Administering exams is concluded for me now; all I have left to do is to grade the exams, return them to the students, submit grades, pick up one bag from my desk, and return my key, and all is done for one job. (I turned in my key for another job yesterday.) Although the paperwork will not go through for a couple of days, I will be effectively unemployed at that point--so, tomorrow, more or less. And at this point, despite having dozens of job applications out, I have few if any prospects. One job interview awaits, and only the one--and I cannot trust that I will be awarded the job, despite being qualified to do it and willing to do the work. (I do intend to take in more freelance work once I relocate, but I more or less have to wait until the relocation; uprooting in the middle of jobs does not suggest itself as a good idea, either for contractor/client relations or for the actual quality of work to be done.) I am a diligent worker and skilled in many areas--including learning new information and skills. I would be a good employee. Just make it so I can support my family.
It is also Cinco de Mayo, something my family and I mark. We do not do so extravagantly, to be sure; I tend to push against being overly celebratory in any event, and my personal connection to the holiday is somewhat tenuous. But my wife and daughter have it in their heritage, and if they decide to celebrate it (albeit in only small ways, given circumstances), I can hardly refuse them. And I have to wonder if there is not something emblematic in my getting more or less done with the work I have been doing these past years on this day, one that commemorates an unlikely victory. Part of me wants to hope so--but another part of me worries that if it is so, I am more the French than the Mexican in the event. Such worries usually pop up when I consider the applicability of metaphor and adage to my life; I may be given lemons, but what sugar is provided that I may make lemonade? And perhaps things have purpose, but the purpose may well be to serve as an admonitory example to others.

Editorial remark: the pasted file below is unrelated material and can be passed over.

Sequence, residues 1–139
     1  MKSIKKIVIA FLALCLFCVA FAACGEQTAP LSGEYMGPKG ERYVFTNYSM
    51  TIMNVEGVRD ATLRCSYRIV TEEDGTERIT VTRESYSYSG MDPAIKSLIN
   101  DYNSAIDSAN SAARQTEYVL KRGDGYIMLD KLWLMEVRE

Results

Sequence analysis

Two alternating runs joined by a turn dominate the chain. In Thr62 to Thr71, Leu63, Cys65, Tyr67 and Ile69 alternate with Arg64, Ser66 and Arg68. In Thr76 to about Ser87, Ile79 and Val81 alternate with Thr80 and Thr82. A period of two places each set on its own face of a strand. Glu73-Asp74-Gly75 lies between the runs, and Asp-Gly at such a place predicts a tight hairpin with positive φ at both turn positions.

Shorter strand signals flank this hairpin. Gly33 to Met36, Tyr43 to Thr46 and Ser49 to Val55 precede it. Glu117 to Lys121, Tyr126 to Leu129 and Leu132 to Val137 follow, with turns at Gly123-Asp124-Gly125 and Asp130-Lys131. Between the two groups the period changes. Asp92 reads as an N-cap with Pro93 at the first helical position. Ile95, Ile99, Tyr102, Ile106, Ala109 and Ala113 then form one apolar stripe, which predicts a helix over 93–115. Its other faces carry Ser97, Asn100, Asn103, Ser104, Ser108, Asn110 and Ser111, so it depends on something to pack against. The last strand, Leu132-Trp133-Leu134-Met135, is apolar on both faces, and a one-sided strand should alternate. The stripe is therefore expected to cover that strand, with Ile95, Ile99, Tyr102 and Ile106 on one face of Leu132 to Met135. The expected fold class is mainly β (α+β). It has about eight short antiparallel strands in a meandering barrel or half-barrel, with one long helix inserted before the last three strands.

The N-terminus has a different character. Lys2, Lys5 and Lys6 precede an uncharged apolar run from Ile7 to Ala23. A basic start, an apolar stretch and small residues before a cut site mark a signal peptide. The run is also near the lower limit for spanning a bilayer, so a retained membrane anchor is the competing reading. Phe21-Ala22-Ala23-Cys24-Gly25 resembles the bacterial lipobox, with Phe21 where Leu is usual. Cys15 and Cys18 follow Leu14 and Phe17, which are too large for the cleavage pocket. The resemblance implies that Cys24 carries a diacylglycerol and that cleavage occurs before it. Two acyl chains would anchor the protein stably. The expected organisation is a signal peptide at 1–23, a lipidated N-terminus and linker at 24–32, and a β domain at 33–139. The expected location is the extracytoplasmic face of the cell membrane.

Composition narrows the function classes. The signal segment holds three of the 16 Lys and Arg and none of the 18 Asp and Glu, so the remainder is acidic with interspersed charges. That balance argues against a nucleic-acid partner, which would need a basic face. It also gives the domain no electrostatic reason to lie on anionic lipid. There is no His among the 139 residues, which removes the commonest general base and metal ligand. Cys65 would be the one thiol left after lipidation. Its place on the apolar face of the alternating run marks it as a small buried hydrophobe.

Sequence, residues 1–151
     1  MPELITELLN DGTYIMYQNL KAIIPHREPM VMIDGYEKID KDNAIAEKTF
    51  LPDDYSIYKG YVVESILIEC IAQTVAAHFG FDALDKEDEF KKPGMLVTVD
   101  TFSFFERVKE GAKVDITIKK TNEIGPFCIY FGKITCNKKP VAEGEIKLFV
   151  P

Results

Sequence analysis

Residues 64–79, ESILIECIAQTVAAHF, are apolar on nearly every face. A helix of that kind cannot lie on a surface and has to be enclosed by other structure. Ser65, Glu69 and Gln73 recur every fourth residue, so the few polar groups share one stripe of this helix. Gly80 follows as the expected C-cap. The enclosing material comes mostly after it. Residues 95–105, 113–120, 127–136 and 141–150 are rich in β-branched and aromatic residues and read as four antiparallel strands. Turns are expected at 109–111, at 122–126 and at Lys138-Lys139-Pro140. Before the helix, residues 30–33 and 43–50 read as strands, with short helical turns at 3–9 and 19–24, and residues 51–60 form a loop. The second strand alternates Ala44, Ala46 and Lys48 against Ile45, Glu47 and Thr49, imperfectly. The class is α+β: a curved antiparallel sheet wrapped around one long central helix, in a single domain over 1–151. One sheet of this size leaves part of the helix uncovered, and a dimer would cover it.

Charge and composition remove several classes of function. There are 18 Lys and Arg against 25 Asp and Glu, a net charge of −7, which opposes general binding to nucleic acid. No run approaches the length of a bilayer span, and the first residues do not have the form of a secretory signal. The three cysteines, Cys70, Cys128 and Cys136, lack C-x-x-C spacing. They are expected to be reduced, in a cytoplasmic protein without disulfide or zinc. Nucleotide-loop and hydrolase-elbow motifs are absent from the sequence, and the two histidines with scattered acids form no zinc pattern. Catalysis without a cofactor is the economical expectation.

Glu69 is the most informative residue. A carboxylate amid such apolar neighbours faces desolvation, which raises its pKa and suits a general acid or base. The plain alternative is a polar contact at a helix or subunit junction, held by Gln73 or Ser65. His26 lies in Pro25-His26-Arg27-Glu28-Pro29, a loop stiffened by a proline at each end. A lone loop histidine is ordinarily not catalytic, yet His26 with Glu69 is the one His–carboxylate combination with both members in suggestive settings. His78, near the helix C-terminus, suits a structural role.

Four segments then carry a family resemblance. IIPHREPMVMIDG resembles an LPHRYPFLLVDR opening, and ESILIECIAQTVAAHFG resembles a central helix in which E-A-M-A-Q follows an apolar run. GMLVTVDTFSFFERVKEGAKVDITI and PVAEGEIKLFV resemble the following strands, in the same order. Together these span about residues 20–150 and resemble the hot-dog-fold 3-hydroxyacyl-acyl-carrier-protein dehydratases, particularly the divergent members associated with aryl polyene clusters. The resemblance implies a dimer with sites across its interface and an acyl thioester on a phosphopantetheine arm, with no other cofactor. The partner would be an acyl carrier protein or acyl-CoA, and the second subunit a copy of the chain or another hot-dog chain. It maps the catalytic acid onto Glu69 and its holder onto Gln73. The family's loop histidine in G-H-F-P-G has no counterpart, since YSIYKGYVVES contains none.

The view is not the most optimistic, I know. And I know I should be more grateful for the many good things that are in my life and the many good people who are in it. I know things could be far, far worse than they are. But I feel sometimes as if I am asked to fawn over them and act as though things are good enough. They are not. They need to be better, and I am trying to make them better through work, and no work presents itself. Nor am I in a position to be able to strike out and try to make things work outside of regular work; I flatly cannot afford the price of failure, for I am not the one who would have to pay the bulk of it. My daughter would (and the Mrs. and I were in reasonably good shape when we started getting out of the way of having her, thank you very much; we were pulling in six figures or damned close to it, with five figures in the bank). If I am not entirely happy with things, I think I have some reason for it.